Fact Check: NO Evidence That Food Processing Plant Fires, Death Of Cattle Are 'Intentional'

Fact Check

  • by: Marlo Lee
Fact Check: NO Evidence That Food Processing Plant Fires, Death Of Cattle Are 'Intentional' No Plot Found

Did nearly 100 food processing plants mysteriously explode in 2022? Did 10,000 cattle in Kansas die mysteriously too? No, neither of those claims are true: Lead Stories determined the food processing explosions claim was false -- because there were no explosions. There were some fires, as a previous Lead Stories fact check found, but they were not caused by arson. At least 2,000, not 10,000, cattle in Kansas died from a heat wave, and not mysteriously.

The claim appeared in an Instagram post on June 16, 2022. It reads:

10,000 cattle died 'mysteriously' in Kansas as of yesterday

Nearly a hundred food processing plants 'mysteriously' exploded so far in 2022

It's not a mystery, it's intentional

This is what the Instagram post looked like at the time of writing:

Screen Shot 2022-06-17 at 11.53.17 AM.png

(Source: Instagram screenshot taken on Fri Jun 17 15:59:34 2022 UTC)

In an April 26, 2022, fact check, Lead Stories did not find that there were any large explosions or fires at food processing plants in 2022 at that time. Some of the fires that the post claimed started because of the Ukraine-Russia war actually occurred before the war. There were also a number of incidents that were misleading, such as a plane crash on a parking lot.

In a June 8, 2022, fact check, Lead Stories established that there was no evidence that a fire at an egg farm in Minnesota was intentional. The Minnesota state fire marshall finished their investigation of the event without establishing a cause. The claim also says this egg farm was one of the largest in the country. While the farm does produce a lot of eggs, there are many farms that produce much more.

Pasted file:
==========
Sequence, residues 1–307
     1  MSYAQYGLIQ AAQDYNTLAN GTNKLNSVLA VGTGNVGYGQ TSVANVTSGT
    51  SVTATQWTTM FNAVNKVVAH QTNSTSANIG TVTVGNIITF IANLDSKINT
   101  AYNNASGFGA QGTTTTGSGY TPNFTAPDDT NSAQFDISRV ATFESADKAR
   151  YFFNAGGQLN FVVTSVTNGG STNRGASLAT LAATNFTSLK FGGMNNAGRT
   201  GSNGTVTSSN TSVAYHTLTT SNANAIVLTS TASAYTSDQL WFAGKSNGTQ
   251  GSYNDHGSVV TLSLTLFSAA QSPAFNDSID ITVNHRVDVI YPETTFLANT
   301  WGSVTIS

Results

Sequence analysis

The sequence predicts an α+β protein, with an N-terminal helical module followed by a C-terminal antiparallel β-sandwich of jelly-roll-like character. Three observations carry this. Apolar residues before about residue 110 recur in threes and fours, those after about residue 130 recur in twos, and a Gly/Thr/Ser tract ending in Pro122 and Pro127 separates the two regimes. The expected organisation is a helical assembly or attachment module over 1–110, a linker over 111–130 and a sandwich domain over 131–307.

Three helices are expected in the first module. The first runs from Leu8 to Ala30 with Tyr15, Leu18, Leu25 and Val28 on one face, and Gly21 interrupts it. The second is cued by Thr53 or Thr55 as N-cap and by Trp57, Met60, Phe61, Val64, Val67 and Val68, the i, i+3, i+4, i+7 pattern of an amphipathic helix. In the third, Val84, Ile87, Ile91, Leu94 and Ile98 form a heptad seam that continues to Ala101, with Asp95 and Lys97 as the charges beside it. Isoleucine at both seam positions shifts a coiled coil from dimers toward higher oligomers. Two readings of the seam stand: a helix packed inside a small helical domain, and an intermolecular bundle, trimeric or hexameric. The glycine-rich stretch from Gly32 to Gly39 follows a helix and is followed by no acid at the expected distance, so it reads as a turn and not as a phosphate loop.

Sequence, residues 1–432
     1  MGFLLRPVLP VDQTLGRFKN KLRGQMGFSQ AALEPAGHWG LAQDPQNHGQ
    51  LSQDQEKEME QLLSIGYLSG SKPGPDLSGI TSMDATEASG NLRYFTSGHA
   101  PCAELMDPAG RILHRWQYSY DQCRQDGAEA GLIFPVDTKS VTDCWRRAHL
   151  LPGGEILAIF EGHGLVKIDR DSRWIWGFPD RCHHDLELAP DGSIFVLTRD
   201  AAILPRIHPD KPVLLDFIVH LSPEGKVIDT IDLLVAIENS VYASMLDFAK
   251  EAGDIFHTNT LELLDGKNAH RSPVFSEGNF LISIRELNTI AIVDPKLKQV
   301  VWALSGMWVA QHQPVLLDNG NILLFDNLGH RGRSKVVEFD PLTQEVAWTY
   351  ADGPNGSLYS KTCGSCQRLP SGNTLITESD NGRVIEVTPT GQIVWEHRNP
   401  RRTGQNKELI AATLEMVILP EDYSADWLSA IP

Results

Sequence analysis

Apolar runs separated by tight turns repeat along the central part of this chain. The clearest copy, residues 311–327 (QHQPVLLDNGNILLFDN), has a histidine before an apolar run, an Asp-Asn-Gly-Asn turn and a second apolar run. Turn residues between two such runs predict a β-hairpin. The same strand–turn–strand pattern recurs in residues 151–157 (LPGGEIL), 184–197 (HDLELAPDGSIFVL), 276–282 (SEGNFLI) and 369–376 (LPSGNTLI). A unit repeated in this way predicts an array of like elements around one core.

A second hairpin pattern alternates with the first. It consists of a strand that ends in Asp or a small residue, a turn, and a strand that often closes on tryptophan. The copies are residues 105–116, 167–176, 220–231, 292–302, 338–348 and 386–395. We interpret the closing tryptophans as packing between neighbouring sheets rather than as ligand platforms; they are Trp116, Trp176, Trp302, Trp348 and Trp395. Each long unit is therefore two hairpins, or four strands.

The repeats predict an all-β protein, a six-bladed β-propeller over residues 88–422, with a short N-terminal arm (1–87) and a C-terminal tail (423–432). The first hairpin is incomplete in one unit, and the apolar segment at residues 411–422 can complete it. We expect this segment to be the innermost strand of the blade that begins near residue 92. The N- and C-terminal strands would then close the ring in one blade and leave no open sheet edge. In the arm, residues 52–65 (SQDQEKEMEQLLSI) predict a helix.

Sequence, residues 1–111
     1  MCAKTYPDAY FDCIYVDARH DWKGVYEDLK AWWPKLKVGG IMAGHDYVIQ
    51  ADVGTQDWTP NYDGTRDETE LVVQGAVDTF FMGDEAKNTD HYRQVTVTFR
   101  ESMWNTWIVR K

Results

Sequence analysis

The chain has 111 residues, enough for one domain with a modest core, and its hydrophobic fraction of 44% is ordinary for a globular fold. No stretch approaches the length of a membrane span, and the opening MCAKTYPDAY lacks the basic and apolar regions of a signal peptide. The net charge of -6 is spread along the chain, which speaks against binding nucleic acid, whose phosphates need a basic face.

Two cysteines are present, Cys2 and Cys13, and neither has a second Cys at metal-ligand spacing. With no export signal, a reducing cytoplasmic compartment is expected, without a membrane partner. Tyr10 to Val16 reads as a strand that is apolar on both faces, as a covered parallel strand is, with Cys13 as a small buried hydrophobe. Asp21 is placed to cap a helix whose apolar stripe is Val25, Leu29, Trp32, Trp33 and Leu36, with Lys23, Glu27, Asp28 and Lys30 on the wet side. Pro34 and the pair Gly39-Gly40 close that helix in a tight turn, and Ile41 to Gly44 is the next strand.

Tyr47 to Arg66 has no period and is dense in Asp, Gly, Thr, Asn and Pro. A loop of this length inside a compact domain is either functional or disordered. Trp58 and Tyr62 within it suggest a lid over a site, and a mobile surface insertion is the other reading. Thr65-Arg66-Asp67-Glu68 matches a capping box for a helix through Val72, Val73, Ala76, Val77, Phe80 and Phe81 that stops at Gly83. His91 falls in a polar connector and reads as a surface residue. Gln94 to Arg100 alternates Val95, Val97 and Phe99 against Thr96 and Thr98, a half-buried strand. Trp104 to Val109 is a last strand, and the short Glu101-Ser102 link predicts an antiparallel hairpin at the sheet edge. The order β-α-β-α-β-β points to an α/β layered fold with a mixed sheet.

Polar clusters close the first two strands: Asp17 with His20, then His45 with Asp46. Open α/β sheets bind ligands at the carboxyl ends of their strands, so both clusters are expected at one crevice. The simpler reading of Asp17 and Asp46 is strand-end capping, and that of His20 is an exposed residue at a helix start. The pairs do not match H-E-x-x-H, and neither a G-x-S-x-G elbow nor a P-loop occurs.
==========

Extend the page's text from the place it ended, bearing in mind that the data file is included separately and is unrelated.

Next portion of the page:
The claim that 10,000 cattle died mysteriously is also false, as Lead Stories reported on June 17, 2022. A spokesperson for the Kansas Department of Agriculture sent us a June 17, 2022, email with a press release saying that Gov. Laura Kelly was going to support the cattle feeders whose cattle had died. While heat-related deaths of cattle are rare, Kansas Secretary of Agriculture Mike Beam said the losses would not impact meat prices.

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Marlo Lee is a fact checker at Lead Stories. She is a graduate of Howard University with a B.S. in Biology. Her interest in fact checking started in college, when she realized how important it became in American politics. She lives in Maryland.

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